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New sheriff’s deputy receives badge from officer who rescued her from a drug house as a baby 22 years ago

It was a full circle moment for Natalie Young when she recently graduated from the El Paso County Sheriff’s Academy and received her badge from the Colorado sheriff’s office.

The officer who pinned her badge was none other than the man who rescued her as a dangerously frail six-week-old baby from a drug house in Escondido, California.

On November 2, 2000, Officer Jeff Valdivia was called to help assist with the arrest of a parole violator at a known drug house in Escondido. When he arrived at the home he found the conditions to be deplorable.

He witnessed a teenage mother who showed signs of recent drug use and a severely underweight baby girl. Although he had never taken a child into custody before, his fellow officers convinced him it was the right thing to do.

“You hope there are no gaps in the system and you hope everything works the way it’s supposed to,” Valdivia told CBS News.

Thankfully everything worked out.

A few weeks after Valdivia rescued the baby, Shelley and Jeff Young, received a call about a potential baby to adopt.

“They said ‘we have a baby for you but she is very sick from head to toe. It’s hard to look at her and she will always be very disabled,’ ” Shelley told The San Diego Union-Tribune. “It was rough. But we’re strong believers. It says in the Bible to help the widows and orphans, so we were all in. We said we’d take her, but it was beyond challenging.”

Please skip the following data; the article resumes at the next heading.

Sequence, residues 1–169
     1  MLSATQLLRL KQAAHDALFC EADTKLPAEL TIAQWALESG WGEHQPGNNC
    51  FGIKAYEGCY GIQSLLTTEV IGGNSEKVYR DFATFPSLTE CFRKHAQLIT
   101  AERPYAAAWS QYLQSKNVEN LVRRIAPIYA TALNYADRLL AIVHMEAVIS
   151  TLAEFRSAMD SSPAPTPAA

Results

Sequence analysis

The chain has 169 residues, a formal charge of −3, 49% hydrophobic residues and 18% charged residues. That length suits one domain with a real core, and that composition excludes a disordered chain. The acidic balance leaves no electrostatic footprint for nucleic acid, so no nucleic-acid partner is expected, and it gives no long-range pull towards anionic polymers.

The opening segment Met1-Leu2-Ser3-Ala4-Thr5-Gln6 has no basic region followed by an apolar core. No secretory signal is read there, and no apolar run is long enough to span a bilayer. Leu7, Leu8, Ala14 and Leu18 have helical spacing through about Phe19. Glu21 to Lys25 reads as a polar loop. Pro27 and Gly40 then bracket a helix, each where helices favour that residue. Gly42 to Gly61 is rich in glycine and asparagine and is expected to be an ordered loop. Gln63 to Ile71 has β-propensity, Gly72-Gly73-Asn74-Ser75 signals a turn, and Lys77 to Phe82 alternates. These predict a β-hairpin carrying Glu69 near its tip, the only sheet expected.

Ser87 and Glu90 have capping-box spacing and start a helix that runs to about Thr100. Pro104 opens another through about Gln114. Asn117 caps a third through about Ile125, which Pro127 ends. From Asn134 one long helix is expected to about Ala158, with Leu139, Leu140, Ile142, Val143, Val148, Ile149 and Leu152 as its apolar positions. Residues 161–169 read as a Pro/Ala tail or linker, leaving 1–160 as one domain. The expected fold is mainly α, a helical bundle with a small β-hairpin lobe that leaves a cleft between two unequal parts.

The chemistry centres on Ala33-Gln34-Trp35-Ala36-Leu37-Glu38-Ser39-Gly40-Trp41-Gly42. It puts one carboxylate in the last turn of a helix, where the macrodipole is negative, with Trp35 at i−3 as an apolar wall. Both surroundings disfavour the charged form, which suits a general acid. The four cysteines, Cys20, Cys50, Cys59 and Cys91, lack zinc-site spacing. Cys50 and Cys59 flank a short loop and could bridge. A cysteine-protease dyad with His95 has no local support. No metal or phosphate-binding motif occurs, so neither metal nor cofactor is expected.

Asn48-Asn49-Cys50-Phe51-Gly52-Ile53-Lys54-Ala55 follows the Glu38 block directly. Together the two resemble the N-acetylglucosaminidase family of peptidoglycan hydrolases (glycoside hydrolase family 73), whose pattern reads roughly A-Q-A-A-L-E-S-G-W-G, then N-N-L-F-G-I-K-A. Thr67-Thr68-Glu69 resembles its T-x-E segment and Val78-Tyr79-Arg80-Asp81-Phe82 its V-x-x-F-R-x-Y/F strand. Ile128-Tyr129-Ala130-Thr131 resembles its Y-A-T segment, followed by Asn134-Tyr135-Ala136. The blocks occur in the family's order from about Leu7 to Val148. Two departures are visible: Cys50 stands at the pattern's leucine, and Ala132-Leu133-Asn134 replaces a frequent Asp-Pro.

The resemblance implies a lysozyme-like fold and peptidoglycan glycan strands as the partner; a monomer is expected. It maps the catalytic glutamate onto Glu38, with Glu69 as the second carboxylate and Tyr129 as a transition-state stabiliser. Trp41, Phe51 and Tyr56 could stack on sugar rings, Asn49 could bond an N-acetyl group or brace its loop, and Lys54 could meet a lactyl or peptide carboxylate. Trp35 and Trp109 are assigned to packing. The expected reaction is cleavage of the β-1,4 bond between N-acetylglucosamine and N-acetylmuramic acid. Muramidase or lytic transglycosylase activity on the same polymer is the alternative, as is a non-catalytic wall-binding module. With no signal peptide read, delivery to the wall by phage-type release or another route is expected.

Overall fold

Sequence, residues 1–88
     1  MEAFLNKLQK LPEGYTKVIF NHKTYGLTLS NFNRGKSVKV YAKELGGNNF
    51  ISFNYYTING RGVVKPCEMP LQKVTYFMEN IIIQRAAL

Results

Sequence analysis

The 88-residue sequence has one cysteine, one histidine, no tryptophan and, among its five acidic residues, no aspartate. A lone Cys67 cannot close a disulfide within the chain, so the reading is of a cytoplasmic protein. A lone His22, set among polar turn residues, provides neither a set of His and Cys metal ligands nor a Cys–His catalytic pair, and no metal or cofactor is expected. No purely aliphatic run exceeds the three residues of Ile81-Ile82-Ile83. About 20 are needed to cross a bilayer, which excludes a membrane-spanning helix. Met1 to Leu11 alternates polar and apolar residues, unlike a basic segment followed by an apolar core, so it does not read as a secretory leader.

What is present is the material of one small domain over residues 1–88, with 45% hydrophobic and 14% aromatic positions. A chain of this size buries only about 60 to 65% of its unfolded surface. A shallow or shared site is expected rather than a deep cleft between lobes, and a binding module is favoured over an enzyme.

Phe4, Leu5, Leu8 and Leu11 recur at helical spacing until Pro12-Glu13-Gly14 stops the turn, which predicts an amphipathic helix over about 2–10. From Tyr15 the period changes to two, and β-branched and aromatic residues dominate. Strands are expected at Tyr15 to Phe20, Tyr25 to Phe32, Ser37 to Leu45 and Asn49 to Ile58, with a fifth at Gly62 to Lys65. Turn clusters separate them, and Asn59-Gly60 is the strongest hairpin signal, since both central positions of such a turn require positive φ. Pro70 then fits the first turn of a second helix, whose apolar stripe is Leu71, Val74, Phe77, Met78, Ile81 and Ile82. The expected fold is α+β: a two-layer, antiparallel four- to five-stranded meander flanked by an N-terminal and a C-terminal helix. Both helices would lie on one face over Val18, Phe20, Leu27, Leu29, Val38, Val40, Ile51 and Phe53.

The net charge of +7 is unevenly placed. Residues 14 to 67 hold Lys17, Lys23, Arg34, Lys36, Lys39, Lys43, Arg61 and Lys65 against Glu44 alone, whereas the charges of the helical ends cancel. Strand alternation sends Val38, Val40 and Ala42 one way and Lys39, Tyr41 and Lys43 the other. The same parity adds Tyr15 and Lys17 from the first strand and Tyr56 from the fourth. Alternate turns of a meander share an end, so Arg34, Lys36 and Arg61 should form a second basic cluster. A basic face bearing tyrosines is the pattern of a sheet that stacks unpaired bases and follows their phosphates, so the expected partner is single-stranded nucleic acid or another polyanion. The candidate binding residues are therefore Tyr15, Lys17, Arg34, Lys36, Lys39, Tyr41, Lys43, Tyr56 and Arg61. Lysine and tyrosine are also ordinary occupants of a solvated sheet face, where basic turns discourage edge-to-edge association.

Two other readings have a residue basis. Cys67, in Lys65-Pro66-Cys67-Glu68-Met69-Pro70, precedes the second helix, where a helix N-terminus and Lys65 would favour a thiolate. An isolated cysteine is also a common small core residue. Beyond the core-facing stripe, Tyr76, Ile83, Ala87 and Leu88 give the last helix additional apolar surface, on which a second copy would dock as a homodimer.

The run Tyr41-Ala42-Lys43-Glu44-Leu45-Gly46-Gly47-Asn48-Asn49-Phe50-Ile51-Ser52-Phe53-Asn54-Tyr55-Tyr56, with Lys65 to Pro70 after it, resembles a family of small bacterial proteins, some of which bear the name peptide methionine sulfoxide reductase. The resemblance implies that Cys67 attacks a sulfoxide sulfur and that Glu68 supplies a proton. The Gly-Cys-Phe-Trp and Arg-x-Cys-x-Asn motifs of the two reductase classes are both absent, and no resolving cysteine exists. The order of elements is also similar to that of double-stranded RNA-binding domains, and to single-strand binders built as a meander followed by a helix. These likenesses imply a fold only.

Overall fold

The baby, who became Natalie Young, experienced challenges in the beginning of her life, but once the Youngs moved to Colorado, she began to thrive.

Natalie’s future

“I had problems as a baby that I had to work through,” Natalie said. “I did all the sports I wanted to do. I was flexible and would do anything. I never wanted to let my problems stop me.”

Once she learned how she was rescued as a newborn, she set her sights on becoming a police officer. She wanted to be like the officer responsible for saving her life.

Natalie also wanted to find a way to thank him.

Five years ago Shelley enrolled in the El Paso County sheriff’s academy, graduated, and became a dispatcher. She used her contacts and was able to locate the officer who saved her daughter’s life.

Weeks before Natalie’s graduation ceremony Shelley reached out to Valdivia and explained the situation. Would he be willing to travel from California to Colorado for the special occasion?

‘It was a huge honor.’

“It’s an incredible feeling to know I’m part of her past. But I made a decision and did a little bit of paperwork. Jeff and Shelley Young saved her life,” he said. “As far as knowing that she wanted to be a police officer and anything we did inspired her, it just validates an entire career. It was all worth it.”